After online protests by users, Facebook reversed its decision to remove a privacy of online content clause from their Terms of Service.
The site will also give users the option to comment and vote on Facebook service terms and governing documents, according to a Feb. 26 Facebook press release.
Three weeks ago, Facebook deleted a portion of their Terms of Service that said, “If you choose to remove your User Content,” Facebook’s licenses to use content would expire, however Facebook would keep archived copies.
This change meant that Facebook could own a user’s content even after the user chose to delete their account.
Facebook users joined groups like “People Against the New Terms of Service (TOS),” concerned that the change in terms would give Facebook too much control of user content.
Group member Rich Griffin wondered if Facebook could sell his content to third parties. “Will I wind up seeing pictures of my niece staring at me from a bus stop at some point and be told I shoulda read the fine print?” wrote Griffin.
“People Against the New TOS” had over 100,000 members when Mark Zuckerberg, Facebook’s owner, announced the company’s plans to revert to the original terms.
Facebook then developed two governing documents: Facebook Principals, which details company values, and the Facebook Rights and Responsibilities, which talks about how Facebook should relate to users.
According to the press release, from now until 12:01 a.m. on Mar. 29., users can comment on the two documents. Facebook will take these comments into account and revise the documents.
Zuckerberg said that user contribution was important in the process of creating new terms. “Since this will be the governing document that we’ll all live by, Facebook users will have a lot of input in crafting these terms,” Zuckerberg said.
After the policies are published, Facebook will put them up for vote. The voting results will be made public if 30 percent of Facebook users or more vote.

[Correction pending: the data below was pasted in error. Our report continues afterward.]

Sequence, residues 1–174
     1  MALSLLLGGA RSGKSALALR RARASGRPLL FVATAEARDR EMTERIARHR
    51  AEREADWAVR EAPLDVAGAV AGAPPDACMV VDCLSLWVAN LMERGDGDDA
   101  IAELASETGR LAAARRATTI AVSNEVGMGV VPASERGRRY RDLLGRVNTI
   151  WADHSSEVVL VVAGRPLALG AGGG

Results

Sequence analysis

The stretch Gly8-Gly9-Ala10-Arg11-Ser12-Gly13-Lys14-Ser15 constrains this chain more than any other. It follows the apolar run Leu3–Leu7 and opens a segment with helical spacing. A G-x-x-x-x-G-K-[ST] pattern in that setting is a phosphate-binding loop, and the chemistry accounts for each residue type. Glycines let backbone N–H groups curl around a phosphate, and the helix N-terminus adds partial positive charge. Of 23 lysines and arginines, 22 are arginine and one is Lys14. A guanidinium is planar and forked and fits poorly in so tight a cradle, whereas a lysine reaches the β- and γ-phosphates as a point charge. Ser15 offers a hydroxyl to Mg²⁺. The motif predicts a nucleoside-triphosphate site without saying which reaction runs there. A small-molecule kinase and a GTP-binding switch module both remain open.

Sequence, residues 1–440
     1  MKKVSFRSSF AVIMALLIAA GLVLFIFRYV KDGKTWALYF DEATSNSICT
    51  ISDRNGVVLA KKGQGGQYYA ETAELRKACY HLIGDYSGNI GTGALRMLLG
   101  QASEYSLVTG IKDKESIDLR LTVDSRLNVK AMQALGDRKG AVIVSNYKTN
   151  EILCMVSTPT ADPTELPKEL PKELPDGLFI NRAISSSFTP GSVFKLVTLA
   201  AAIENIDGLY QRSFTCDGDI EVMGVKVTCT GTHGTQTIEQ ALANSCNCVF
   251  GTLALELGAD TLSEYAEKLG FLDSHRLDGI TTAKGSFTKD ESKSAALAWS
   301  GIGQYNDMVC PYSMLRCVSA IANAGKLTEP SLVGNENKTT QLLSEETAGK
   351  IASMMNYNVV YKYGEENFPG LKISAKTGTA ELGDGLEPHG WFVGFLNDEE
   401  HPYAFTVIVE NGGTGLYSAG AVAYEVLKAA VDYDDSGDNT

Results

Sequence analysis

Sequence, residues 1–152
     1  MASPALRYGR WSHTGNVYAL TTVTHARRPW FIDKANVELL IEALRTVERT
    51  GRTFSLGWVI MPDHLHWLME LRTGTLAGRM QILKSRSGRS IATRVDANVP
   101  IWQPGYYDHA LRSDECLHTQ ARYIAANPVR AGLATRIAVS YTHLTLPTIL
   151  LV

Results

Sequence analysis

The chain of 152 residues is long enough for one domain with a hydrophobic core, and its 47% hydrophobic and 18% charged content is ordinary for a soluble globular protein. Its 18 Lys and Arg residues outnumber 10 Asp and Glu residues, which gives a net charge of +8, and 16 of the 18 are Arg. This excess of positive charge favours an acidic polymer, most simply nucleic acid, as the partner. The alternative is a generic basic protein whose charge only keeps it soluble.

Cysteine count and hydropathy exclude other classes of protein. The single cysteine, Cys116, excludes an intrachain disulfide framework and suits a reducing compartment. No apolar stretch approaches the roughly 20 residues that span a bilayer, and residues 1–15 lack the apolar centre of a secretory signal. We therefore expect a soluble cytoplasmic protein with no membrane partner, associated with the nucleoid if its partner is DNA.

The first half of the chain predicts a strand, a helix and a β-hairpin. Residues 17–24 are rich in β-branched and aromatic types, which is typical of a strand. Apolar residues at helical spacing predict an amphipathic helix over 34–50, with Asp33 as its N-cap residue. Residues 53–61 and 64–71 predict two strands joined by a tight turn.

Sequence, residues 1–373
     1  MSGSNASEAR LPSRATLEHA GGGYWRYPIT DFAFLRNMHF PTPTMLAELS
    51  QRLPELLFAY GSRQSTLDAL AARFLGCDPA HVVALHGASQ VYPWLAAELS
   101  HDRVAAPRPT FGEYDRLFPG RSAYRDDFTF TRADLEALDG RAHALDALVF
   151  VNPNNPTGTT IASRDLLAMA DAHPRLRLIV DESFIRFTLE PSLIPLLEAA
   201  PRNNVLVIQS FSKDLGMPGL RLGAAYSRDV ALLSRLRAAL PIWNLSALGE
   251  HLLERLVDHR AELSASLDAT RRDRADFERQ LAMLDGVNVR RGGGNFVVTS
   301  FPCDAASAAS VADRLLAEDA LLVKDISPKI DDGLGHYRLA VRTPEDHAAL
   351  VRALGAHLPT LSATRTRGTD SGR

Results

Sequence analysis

“The idea that a major company like Facebook would give its users a vote in how the service is governed is remarkable,” said Julius Harper, who co-founded People Against the New TOS.
Even though the privacy clause is back, Bruce McCreary, Mills senior director of Information Technology Services, advised students to be aware of what they post online.
If anyone wants control over personal information, they should “keep it off the web,” he said.
McCreary also advised that students on Facebook and similar sites configure their accounts so that access to their pages is restricted to the “minimums that you would like to share.”
On Facebook, a user can configure his or her privacy settings by clicking on “settings” on the home page, and “privacy settings.”
Here, the user can set restrictions on who can see the content of their profile, search for them, view their news feed and wall, as well as control what information is available to different applications.
Senior Julia Middleton noticed that the Terms of Service were back in place when she logged in on last Wednesday.
Middleton said the thought of her content being passed around Facebook after her account was cancelled was “horrifying,” adding that people should “err on the side of caution when it comes to the personal content they publish on the internet today.”